Grasis and Doug Edwards, Handmark's co-founder and vice president of marketing, came up with another idea almost immediately. Sure, Handmark had fared well with its games. But equally popular was its software based on reference and educational materials, such as maps and dictionaries. Perhaps education and reference could become the company's competitive edge.
Handmark execs contacted Rand McNally, already one of the company's partners, to negotiate licensing rights to make a cell phone version of its PDA Streetfinder software. Unfortunately, the map publisher was undergoing management changes and not ready to commit to a new agreement. But Chris Barnett, one of Rand McNally's licensing reps, was intrigued by Handmark's strategy. During a January meeting with Handmark execs at the Consumer Electronics Show in Las Vegas, Handmark offered him a job. "A lady hit a huge jackpot on the slots when he accepted," Grasis says. "It was a fortuitous sign."
Two months later, Barnett got to work forging relationships with wireless carriers. Grasis, meanwhile, approached Kaplan, the New York City publisher of standardized test preparation guides. Over a series of meetings, Grasis made his case for a partnership: Kaplan was a brand the big retailers would want on their shelves, and Handmark was one of the only makers of mobile software the retailers trusted.
It took Handmark eight months and nearly half a million dollars to create Kaplan Test Prep Mobile Edition. Beginning in October, students (or their parents) will be able to purchase the program -- which consists of practice questions, study lists, and the like -- through Handmark's website, Amazon, or Kaplan's website and 155 test centers nationwide. The programs are designed to run on any device, from traditional cell phones to feature phones (such as those with cameras or special audio and display capabilities) and even palm devices, which have yet to vanish completely. Kaplan plans to make the product available "wherever we think it will help students to have access to it," says Lev Kaye, the company's executive director of business development. That includes, he hopes, big-box retailers.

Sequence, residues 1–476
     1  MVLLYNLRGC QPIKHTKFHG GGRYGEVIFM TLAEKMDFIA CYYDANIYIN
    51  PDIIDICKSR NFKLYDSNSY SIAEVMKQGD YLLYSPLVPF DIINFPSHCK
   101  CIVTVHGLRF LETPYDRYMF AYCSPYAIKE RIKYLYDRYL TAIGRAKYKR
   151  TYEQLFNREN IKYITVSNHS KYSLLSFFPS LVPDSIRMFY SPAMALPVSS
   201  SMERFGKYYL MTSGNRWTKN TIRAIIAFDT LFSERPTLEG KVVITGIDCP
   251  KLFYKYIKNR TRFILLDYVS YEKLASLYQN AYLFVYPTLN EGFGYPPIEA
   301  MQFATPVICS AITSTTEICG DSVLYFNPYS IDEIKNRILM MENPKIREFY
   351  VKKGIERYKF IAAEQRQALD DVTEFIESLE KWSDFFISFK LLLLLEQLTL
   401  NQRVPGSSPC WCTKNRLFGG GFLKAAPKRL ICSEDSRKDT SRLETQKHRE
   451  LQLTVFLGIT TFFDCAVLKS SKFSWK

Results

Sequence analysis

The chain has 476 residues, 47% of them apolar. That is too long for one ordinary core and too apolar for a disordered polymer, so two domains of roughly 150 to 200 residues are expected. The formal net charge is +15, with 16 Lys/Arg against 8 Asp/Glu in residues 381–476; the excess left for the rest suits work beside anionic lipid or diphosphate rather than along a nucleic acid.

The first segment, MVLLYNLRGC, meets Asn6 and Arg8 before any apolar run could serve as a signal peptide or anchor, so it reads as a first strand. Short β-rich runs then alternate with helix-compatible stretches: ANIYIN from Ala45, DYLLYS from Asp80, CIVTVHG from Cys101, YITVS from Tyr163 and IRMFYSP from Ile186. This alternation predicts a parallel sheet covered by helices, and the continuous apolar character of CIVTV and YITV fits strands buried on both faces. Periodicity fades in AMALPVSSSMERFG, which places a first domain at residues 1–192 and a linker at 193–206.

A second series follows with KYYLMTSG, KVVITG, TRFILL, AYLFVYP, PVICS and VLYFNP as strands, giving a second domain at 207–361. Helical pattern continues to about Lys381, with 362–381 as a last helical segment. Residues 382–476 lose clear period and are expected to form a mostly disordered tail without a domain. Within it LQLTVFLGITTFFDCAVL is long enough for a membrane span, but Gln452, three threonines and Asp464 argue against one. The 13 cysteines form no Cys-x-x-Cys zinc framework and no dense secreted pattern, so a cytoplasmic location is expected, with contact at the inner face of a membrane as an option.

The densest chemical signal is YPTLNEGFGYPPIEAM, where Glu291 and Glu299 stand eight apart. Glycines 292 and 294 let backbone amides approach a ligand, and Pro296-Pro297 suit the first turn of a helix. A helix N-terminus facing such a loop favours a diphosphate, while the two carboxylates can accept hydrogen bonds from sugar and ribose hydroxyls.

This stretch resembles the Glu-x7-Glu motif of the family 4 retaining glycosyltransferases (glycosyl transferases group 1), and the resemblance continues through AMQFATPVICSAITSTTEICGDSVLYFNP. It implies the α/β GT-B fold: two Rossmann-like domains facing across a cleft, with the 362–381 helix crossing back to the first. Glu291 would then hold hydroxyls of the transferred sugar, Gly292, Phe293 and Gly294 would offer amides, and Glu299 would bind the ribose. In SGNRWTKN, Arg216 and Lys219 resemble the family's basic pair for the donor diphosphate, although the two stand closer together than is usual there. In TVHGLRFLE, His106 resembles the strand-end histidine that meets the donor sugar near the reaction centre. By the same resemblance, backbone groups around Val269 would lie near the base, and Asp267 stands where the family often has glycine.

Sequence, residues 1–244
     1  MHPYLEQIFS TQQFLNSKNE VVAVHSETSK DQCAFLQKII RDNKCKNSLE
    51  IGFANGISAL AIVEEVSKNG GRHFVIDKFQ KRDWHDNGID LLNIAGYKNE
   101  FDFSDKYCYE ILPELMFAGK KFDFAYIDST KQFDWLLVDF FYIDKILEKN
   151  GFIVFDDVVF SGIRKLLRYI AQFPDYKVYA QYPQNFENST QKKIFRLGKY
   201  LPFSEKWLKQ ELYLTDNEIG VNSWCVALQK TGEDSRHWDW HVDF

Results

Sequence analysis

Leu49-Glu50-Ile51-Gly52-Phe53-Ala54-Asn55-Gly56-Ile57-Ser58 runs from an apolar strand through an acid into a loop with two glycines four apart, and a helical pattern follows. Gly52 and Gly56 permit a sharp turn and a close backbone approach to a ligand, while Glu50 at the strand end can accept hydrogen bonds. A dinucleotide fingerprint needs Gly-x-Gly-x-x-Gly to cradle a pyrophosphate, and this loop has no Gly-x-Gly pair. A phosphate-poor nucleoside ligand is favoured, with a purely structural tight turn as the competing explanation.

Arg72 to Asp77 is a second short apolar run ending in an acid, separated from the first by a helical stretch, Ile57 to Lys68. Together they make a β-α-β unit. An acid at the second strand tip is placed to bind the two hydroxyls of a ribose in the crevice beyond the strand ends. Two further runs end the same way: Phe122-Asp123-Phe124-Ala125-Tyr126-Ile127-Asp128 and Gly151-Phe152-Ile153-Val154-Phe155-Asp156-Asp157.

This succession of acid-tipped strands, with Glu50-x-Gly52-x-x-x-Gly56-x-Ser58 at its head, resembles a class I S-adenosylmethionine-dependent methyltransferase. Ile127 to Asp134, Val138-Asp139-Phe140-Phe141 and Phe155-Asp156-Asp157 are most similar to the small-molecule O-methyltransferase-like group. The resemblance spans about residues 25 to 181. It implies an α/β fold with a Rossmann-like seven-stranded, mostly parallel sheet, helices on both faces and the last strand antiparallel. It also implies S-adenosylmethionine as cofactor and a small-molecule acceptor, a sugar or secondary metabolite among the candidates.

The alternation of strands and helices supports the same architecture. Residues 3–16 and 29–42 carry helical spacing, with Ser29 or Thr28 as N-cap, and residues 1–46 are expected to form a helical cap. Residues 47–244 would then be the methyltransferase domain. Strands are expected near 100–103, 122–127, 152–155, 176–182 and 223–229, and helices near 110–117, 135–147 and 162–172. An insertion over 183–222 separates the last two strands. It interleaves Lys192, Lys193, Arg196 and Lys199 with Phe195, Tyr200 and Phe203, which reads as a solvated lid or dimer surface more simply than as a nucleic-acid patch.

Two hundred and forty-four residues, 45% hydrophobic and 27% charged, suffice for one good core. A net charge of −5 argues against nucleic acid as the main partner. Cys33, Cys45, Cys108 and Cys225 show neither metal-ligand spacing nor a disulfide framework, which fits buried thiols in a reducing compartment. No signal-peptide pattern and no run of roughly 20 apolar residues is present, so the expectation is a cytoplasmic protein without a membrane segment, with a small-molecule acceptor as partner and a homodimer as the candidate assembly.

Handmark, meanwhile, has inked deals with Sprint, Verizon, and Alltel to offer the product on their phone decks. And the Kaplan product is just the beginning -- less a solution to the PDA problem than a kind of wedge meant to enable Handmark to penetrate this promising new market. The company already is rolling out other mobile phone products -- including one based on content licensed from TV Guide. Why television listings? "TV is another thing teens care about," Edwards says. "Maybe not as much as they care about getting into college -- or maybe more."
The Experts Weigh In
Is test prep the right move for Handmark?
I'm 17 and think about the SATs a lot. That's my future right there. This test prep program for phones is a good idea because it's less expensive than taking classes but could help kids improve their scores. My advice to Handmark is put two and two together and advertise with the phone companies. Get included in their ads and phones. Kids would go to buy this in stores only if Handmark advertised specifically to them in a creative, fresh way through mainstream media.
Microsoft Youth IT Challenge, Dallas
While retailers like brands like Kaplan, I doubt any mobile phone application will sell well at stores now. Consumers use their cell phones or go online to purchase them. It will be at least two years before mass-market retailers start catching up. Therefore, Handmark needs to really focus on cell phone carrier relationships. Get included on a deck. Kaplan is a big enough brand; it should interest the carriers. And get included in Kaplan's advertising and materials: That's low-hanging fruit.
CEO, Zingy.com, New York City
Simply being in wireless space is not going to get Handmark in with a teen demographic, even though Gen Y is the group most willing to download and use mobile phone extras. Obviously, Handmark can't go wrong selling through carriers. But the company should also get its retailers to spend money and let kids know that it's okay to come in and buy things. It would be an incomplete strategy if it had these great retail distribution channels and then the channels turned out not to be attractive to teens.
CEO, Alloy, New York City